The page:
Phil 76600, Fall 2015
Class Schedule: Tuesday, 11:45 - 1:45, Room 7395.
Textbook: First-Order Modal Logic, Melvin Fitting and Richard L. Mendelsohn, ISBN 978-0-7923-5335-5 (Amazon price for paperback is $57.39.)
Instructors: Melvin Fitting and Richard L. Mendelsohn
Modal logic is usually thought of as the logic of qualified truth: necessarily true, true at all times, and so on. From at least Montague on, quantified modal logic has also been thought of as the natural setting for a logic of intensions. This course will cover the whole range.
We begin with propositional modal logic, presented semantically via Kripke models, and proof theoretically using both tableaus and axiom systems. First-order modal logic will be studied in considerable detail, using possible-world semantics and tableau systems, but not axiom systems. Various philosophical issues will be discussed, amongst which are: the nature of possible worlds, possibilist and actualist quantification, rigid and non-rigid designators, intensional and extensional objects, existence and being, equality, synonymy, designation and non-designation, and definite descriptions in a modal context.
The prerequisites for the course: a familiarity with classical logic, both propositional and first-order.
[Counts towards course satisfaction of Group E]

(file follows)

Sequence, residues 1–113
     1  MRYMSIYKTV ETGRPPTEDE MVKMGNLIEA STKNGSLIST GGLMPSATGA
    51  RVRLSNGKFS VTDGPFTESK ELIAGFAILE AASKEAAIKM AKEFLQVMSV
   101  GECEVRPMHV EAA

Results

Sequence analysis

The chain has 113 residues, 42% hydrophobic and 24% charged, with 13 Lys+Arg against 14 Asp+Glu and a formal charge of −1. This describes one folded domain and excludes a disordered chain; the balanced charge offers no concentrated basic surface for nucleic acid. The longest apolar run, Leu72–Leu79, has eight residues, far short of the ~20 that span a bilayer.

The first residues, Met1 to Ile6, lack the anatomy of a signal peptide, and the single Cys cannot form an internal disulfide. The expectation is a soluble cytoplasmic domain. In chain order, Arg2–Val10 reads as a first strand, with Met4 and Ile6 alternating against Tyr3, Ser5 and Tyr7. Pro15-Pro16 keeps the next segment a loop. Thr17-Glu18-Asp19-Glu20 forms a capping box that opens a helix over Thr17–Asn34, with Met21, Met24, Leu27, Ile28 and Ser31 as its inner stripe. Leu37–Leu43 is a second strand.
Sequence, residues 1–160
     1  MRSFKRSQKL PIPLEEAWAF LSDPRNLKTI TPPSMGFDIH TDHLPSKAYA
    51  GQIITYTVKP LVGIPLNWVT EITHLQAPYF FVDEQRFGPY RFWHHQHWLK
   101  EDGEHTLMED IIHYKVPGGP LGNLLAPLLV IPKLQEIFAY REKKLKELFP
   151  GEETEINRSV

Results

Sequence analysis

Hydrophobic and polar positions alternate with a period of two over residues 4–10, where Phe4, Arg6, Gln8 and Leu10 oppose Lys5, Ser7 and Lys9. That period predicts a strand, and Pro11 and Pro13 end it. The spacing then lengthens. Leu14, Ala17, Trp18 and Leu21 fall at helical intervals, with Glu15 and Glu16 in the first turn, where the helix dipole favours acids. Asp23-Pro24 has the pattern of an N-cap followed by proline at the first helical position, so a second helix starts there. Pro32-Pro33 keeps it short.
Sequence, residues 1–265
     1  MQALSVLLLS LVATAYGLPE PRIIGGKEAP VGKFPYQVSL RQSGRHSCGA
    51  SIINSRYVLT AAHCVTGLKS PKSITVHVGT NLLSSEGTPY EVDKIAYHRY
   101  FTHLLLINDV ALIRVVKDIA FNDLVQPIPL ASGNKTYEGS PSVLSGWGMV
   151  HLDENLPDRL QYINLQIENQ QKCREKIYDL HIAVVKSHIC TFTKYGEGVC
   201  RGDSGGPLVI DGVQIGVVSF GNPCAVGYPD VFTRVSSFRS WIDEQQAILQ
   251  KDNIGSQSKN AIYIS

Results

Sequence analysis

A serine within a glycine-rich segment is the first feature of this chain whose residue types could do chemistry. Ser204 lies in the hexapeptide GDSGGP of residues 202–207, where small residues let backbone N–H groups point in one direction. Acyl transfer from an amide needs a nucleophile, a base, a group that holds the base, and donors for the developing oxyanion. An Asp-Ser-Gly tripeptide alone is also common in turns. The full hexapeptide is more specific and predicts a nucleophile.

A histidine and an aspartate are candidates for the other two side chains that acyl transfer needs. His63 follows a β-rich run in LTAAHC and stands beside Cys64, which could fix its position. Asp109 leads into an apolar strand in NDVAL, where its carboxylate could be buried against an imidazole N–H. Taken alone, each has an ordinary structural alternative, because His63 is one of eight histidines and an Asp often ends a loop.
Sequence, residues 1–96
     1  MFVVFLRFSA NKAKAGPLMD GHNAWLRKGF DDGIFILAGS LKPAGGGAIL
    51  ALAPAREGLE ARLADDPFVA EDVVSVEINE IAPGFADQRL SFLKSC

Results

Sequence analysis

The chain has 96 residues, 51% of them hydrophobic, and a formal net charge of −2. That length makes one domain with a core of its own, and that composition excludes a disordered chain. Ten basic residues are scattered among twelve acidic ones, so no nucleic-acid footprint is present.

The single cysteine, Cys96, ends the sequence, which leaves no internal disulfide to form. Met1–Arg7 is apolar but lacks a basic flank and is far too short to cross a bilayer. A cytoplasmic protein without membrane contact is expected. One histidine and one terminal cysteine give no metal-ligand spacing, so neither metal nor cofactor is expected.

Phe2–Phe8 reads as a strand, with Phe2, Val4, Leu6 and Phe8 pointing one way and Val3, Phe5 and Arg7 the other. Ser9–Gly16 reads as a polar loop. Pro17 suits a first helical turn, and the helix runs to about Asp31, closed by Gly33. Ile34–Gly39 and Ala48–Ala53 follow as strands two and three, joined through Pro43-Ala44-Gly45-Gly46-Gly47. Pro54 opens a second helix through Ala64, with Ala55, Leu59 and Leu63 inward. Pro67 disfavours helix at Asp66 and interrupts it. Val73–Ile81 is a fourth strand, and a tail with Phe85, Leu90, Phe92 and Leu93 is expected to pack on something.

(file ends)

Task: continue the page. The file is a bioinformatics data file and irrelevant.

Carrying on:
Course Learning Goals By the end of the course students will be expected to:
- Demonstrate familiarity with the most well-known systems of propositional and first-order modal logic;
- Demonstrate familiarity with possible world semantics for propositional and first-order modal systems;
- Provide formal proofs of modal theorems and evaluate the validity of modal arguments using tableaus;
- Demonstrate familiarity with the significance of completeness proofs, and be able to carry out the details in particular examples;
- Represent the various alethic, epistemic, temporal and deontic modalities in terms of possible world semantics;
- Demonstrate familiarity with philosophical problems of identity, existence, designation, and quantification as they relate to the various modalities;
- Understand the formal and philosophical differences between actualist and possibilist quantification;
- Demonstrate familiarity with the De Dicto/De Re distinction and the use of Predicate Abstract Notation to represent it.
Sample Final Exam Questions
Click here for questions of the sort that will be on the final exam.
Actual Final Exam
Here is the final exam. It is due on December 15, 2015.
- Notes on Classical Propositional Logic
- Slides about classical tableaus
- Lewis and Langford Modal Axiom System
- Slides about modal tableaus
- Frege - Translations from the Philosophical Writings of Gottlob Frege (Geach and Black)
- Quine - Mathematical Logic, Chapter One, Section 4 (this is available from the same web site that has the Frege volume).
- Quine - Three Grades of Modal Involvement
- Quine - Reference and Modality
- Quine - On What There Is
- Russell - On Denoting
- Moore - External and Internal Relations
- Kaplan - Demonstratives
- Donnellan - Reference and Definite Descriptions
- Additional Readings
Web Sites of Interest:
- Stanford Encyclopedia article on classical logic
- Stanford Encyclopedia article on modal logic
- Stanford Encyclopedia article on intensional logic